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31.08.21

How 3PL is solving the Brexit challenges posed by DDP

Docks

Since January 2021, one of the biggest challenges faced by businesses that do – or want to do – trade with customers on mainland Europe is the additional paperwork.

It’s now so complex and potentially costly that some businesses have ceased trading in the EU. In particular, B2C trade was hit the hardest.

Many that still do are struggling to make it work, caught between customs and carriers as they endeavour to fulfil orders.

  • While we’re all on this steep learning curve, let’s consolidate what we know so far.
  • It makes for sombre reading, so let’s also look at what we’re doing to ease the friction and how the landscape might change in the months to come.

DDU is better for businesses

Delivery Duty Unpaid (DDU) is where taxes and other charges are administered at customs – the buyer is asked to pay duty at this stage.

DDU was suspended by carriers in January as it was deemed to be too complex to administer after the UK left the EU Single Market and Customs Union. Carriers wanted a seamless process and didn’t believe that DDU would offer this.

One issue is that DDU is limited – not every country accepts it and there are other constraints. However, in Granby’s opinion, doing away with DDU has forced a one-size-fits-all scenario that’s open to interpretation and even abuse.

DDP is now the default

Carriers opted for Delivery Duty Paid (DDP), which means the taxes and charges are applied up front.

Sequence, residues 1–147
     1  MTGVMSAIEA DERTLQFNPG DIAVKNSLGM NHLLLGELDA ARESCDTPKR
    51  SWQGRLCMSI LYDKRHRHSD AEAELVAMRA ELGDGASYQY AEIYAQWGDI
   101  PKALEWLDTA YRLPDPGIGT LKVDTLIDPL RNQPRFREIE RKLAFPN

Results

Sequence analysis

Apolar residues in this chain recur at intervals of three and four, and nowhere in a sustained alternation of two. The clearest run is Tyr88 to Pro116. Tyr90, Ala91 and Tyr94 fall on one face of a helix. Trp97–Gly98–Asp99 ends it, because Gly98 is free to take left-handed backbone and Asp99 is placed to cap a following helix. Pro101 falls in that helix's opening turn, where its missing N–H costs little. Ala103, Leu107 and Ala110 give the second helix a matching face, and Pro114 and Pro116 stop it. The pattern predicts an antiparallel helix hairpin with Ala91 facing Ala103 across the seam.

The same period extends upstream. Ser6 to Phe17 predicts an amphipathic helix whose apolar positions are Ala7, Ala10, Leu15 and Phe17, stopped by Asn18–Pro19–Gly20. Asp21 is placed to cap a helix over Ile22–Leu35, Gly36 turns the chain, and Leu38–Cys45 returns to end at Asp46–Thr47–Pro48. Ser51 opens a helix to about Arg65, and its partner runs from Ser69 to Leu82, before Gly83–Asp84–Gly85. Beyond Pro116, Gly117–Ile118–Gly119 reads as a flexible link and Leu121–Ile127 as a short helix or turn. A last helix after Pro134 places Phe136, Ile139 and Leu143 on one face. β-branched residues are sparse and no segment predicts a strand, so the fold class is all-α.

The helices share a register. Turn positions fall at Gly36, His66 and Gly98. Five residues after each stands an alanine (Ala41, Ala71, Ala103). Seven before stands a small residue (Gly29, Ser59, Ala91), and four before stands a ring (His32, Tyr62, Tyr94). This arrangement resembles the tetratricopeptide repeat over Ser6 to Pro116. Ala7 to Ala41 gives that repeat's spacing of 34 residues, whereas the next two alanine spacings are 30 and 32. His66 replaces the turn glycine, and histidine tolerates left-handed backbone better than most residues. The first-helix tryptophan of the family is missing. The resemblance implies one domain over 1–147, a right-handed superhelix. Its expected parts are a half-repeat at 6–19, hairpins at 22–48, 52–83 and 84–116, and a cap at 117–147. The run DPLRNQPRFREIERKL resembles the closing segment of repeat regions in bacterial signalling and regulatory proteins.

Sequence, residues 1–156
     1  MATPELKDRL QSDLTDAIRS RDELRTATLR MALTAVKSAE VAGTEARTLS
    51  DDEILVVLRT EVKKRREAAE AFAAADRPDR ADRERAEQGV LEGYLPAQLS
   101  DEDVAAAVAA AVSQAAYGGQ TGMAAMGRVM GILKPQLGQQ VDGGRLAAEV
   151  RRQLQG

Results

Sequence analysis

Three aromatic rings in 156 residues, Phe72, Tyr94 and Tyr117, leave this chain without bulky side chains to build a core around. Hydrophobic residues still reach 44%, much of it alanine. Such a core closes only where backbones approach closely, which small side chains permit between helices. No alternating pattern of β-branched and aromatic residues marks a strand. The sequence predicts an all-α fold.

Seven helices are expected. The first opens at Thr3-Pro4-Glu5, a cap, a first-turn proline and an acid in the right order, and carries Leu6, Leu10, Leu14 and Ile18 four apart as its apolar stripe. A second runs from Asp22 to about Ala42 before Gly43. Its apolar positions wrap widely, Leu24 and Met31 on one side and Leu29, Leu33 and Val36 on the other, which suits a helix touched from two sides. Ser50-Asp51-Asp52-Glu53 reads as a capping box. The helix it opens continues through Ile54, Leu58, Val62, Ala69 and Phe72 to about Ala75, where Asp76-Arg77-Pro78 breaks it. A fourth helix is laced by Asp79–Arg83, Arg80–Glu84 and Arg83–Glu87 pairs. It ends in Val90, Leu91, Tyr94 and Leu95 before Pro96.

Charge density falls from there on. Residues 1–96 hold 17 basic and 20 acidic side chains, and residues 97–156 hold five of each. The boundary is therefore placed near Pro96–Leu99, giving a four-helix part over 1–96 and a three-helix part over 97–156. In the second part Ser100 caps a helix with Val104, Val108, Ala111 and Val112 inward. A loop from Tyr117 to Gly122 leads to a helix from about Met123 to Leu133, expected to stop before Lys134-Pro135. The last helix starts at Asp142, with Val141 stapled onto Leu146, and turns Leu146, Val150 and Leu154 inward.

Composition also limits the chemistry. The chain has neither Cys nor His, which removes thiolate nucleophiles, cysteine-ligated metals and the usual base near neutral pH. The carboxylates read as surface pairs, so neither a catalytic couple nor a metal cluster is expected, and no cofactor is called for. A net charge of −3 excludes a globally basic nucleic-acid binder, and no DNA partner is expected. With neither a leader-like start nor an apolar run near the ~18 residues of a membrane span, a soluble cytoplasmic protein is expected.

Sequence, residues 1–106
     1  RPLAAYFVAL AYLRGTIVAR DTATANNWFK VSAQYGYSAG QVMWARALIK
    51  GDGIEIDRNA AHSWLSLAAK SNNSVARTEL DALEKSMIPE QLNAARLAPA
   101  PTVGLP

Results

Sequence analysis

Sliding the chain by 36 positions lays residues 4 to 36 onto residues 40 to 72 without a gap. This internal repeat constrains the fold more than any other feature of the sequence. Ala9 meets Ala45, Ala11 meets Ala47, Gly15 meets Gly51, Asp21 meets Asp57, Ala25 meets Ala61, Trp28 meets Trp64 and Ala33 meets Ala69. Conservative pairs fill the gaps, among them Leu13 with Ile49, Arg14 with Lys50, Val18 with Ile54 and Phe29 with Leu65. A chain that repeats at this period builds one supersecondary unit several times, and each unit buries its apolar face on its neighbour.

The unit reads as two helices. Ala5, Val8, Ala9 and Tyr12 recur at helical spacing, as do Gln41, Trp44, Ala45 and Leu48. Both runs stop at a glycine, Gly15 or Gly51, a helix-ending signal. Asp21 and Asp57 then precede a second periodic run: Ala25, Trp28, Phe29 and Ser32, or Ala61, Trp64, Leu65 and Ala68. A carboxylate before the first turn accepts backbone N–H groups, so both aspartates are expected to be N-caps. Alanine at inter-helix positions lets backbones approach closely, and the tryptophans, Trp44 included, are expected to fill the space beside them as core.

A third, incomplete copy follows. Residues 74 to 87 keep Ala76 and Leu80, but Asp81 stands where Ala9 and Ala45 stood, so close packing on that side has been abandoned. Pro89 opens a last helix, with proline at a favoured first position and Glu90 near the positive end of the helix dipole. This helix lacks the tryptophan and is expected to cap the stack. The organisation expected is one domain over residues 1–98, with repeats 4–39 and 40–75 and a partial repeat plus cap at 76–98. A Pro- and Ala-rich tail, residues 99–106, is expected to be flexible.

1. The seller requires Commodity Codes for the new additional paperwork.
  2. All paperwork must be 100% correct or the shipment will be returned.
  3. As a fulfilment partner, Granby pays the tax and charges up front on behalf of clients shipping to the EU, which we then claim back.

How DDP is currently failing

DDP sounds like a simple solution to dealing with the additional paperwork. But in practice it has created uncertainty, bureaucracy and additional costs for the seller.

  • Businesses and carriers themselves are still confused about Commodity Codes; how many are required, when they are required, and acquiring them.
  • Frustratingly, even when the paperwork is 100% correct, shipments are returned. Sometimes, this is due to misinterpretation of requirements at customs. It might also be because paperwork for other parts of the shipment (i.e. that are out of our control) are incorrect. Returns are clearly problematic for brand reputation, loyalty, sales, profits and cash flow.
  • Paying tax and charges up front puts stress on cash flow for our clients as well as creating additional administration.
  • Additionally, carriers are adding surcharges, compounding the problem of spiralling costs for international trade with the EU, especially for B2C traders. To many businesses, these surcharges sometimes seem random, unnecessary, and created by an inefficient DDP system.

Returns are clearly problematic for brand reputation, loyalty, sales, profits and cash flow.

Meeting the challenges of EU trade